Tag Archives: social media

Conflict, Compromise and Social Skills

This isn’t a question that my girls have asked me per se, but its a discussion that we have had around our house for the last week or so.

Christy Clark Jim IkerHere in BC the teacher’s union is on strike, so school hasn’t started for my kids yet this year. The government and teacher’s union have been fighting for a great many years and the situation is hot and heated and controversial and everyone has an opinion and they hold those opinions with great emotional conviction.

Here’s my problem with where things are at.  I am not upset with the teachers; they have a difficult and thankless job. I am not upset with the government; they were elected under the promise of financial accountability and balanced budgets and this is one facet of trying to deliver on that. I am not upset with the people at the bargaining table; they are humans, trying in an imperfect way to do what they think is the best.  I am upset with you.  (Not you specifically, but the “greater you” that makes up everyone on social media that is involved in the greater social discussion and commentary flooding my Facebook wall.)

We live in a weird age. I have noticed that my teens have NO conflict resolution skills. They almost never meet face to face, but end up chatting with lots of people over various forms of instant messaging and social media. When something happens that is awkward or someone says something that might be taken the wrong way, you can simply stop answering their texts. Imagine acting like that with everyone in a room… you say something awkward and all of a sudden everyone just acts like you disappeared.  You can scream at the crowd and say, “no, no, you misunderstand!”, but still they ignore you. That would never happen. It might be awkward, but you would have to – and get to – deal with it right then and there.

Something else that is weird about the age that we live in is the ease with which your voice can be heard by the masses. Anyone can sit down at a keyboard and write something that sounds plausible and have it published and read by thousands. There is no burden of proof, or references for cited material, or even any requirement to try and be truthful. I’ve seen people write some crazy stuff and if it gets shared enough, even legitimate news media will republish it to try and fill the insatiable demand for tantalizing news.

When you put all of the above together, you have some very good people exhibiting some very bad behavior. Economists are on the side of the government, but should they share something about their opinion, they are sure to get hate mail and have their moral character called into question, but not face to face. No, they will be blasted over social media or email or text or other forms of communication that don’t require you to look into the eyes of the one that you are berating and recognize that you are hurting them.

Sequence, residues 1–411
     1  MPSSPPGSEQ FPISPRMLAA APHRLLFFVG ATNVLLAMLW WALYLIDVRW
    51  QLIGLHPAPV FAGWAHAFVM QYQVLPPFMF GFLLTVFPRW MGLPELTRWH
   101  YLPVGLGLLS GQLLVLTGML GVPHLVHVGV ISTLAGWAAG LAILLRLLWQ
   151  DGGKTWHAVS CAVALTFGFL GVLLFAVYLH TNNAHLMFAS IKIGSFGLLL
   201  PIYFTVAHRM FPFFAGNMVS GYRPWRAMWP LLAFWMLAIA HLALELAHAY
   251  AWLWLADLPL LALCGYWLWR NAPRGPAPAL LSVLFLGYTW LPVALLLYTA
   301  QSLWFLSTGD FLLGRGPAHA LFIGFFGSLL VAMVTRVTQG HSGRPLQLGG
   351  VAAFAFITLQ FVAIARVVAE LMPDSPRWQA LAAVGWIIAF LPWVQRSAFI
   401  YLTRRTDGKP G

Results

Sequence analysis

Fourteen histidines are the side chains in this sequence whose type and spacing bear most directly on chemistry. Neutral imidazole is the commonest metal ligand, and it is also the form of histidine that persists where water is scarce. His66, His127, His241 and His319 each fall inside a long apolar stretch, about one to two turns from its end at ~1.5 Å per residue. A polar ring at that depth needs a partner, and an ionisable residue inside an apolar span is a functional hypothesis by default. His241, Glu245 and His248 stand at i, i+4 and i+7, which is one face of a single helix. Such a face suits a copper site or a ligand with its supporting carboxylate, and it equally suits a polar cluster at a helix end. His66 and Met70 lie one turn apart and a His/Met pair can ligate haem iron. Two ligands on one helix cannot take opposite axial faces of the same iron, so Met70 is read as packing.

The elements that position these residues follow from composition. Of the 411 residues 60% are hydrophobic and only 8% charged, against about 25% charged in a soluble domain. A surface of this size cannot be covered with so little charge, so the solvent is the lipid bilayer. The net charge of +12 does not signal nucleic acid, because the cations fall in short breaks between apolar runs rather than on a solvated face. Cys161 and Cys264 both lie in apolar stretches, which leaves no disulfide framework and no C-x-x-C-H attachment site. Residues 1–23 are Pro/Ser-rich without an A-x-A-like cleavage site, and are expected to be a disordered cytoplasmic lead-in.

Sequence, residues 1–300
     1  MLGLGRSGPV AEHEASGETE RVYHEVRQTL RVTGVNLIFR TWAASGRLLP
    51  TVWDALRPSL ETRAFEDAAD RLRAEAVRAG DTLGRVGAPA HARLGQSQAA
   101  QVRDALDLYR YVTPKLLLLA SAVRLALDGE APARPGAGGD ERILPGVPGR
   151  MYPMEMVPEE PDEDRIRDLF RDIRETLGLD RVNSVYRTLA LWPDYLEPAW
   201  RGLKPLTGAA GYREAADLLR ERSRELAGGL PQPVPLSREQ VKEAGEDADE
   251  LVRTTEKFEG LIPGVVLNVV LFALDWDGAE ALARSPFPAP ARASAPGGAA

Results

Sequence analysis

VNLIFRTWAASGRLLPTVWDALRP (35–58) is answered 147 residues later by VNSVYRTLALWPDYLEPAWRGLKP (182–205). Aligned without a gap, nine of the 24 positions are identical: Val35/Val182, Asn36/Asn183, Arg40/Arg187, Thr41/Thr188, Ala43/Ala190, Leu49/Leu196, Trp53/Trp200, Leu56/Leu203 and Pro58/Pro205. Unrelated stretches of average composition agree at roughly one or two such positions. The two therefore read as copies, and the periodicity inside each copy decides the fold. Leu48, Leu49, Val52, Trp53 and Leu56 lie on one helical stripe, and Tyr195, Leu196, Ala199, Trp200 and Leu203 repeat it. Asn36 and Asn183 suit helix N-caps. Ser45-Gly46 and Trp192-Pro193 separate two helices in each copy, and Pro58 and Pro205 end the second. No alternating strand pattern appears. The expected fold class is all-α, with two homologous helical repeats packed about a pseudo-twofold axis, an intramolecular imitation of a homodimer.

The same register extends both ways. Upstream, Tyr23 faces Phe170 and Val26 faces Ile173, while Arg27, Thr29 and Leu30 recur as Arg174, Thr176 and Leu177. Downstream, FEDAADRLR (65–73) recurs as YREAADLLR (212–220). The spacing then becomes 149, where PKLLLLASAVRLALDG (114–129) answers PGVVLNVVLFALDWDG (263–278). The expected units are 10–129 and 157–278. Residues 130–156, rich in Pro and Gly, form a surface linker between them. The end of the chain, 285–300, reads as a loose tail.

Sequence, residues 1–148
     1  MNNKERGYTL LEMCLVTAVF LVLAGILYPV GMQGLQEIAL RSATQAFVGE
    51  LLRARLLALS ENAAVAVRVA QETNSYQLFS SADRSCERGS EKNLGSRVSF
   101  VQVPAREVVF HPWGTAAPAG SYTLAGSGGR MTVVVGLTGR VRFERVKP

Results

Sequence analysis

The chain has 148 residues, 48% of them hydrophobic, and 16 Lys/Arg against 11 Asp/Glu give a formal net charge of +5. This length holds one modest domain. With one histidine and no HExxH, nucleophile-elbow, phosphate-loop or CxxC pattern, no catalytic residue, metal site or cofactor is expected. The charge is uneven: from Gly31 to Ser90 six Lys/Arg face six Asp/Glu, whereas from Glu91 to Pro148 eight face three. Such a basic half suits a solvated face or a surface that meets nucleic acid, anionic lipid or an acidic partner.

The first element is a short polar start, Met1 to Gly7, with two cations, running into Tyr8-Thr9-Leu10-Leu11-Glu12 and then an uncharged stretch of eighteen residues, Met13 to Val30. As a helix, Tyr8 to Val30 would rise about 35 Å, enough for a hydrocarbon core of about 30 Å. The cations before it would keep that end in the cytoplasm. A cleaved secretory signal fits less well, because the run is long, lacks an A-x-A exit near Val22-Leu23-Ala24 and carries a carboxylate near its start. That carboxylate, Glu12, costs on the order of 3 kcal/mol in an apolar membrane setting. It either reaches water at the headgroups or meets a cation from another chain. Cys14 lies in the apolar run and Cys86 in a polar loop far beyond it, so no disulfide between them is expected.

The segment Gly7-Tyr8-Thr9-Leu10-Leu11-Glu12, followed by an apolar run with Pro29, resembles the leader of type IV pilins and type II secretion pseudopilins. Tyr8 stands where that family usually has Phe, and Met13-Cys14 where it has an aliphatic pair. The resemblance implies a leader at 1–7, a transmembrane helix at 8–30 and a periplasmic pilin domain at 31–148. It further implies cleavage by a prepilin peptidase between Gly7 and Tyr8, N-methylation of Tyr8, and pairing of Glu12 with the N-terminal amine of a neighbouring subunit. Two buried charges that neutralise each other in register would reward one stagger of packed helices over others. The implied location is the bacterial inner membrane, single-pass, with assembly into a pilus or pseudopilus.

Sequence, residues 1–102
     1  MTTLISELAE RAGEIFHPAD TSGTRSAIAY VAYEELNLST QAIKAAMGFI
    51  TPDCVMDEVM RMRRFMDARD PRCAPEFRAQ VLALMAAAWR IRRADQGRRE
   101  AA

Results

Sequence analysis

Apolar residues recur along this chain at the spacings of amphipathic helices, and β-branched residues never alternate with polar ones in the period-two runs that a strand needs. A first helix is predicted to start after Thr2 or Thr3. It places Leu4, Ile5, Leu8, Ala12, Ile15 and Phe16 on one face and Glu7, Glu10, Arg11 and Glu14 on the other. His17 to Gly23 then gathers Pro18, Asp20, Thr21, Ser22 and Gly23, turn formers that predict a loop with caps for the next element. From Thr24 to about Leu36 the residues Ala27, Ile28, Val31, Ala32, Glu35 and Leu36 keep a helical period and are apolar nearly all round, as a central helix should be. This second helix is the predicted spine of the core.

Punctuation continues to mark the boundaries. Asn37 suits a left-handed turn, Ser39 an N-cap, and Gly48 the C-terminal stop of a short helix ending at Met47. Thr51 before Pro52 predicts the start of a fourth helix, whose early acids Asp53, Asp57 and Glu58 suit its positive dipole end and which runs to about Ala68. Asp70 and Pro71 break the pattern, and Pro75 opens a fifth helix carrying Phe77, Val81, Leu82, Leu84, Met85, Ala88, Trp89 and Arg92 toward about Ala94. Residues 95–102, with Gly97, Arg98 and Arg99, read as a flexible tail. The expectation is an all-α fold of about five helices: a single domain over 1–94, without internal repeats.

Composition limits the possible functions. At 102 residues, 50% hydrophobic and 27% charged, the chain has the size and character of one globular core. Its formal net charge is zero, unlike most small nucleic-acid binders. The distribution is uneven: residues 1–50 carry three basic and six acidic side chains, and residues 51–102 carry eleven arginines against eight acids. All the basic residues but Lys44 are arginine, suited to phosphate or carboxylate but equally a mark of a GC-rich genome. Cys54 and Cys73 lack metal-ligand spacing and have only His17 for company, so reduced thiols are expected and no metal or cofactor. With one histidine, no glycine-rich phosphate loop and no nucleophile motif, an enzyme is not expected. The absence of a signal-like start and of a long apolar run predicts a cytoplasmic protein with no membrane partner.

Parents with special needs kids are mostly on the side of the teachers, but should they post something about their opinion… watch out. Parent’s with kids in private school or home school have mixed opinions, but can they share them as part of the discussion without being slandered in return?

And then there is hate. If you support the teachers, then support them, but why do some people feel entitled to degrade the personal character of our Premier? If you support the government, that’s fine, but then why is it ok to blast unfounded hateful comments about the union president or their demands or about unions in general?

This is something that social media makes available but society should not. These are basic social skills…

I have a friend that likes to read and share articles that have various degrees of different opinions. The other day, she posted an article that was mostly pro-government, but from a perspective that she hadn’t seen anywhere else, so she shared it asking what people thought. I read the article. It was an interesting perspective. She took the post down within a couple hours because her inbox filled up with hateful comments and personal attacks. It wasn’t even specifically her opinion, just something she thought was interesting.

No one knows the truth. Only those in the actual bargaining discussion knows the truth of what is said in there. Everything else is hearsay and conjecture and opinion and some outright lies. There is no requirement that you validate your sources and make sure that whatever you post is true, but understand that they are opinions and thoughts that support your own stance and… they may be partially incorrect or taken out of context, so accept comments for and against with understanding and dignity. If you disagree with something that you read, by all means post a comment, but do it with grace and tact.

“Treat others the way that you want to be treated”, but I’ll add something to that… Treat others wherever they are, the way that you want to be treated when you are face to face.

Just my opinion.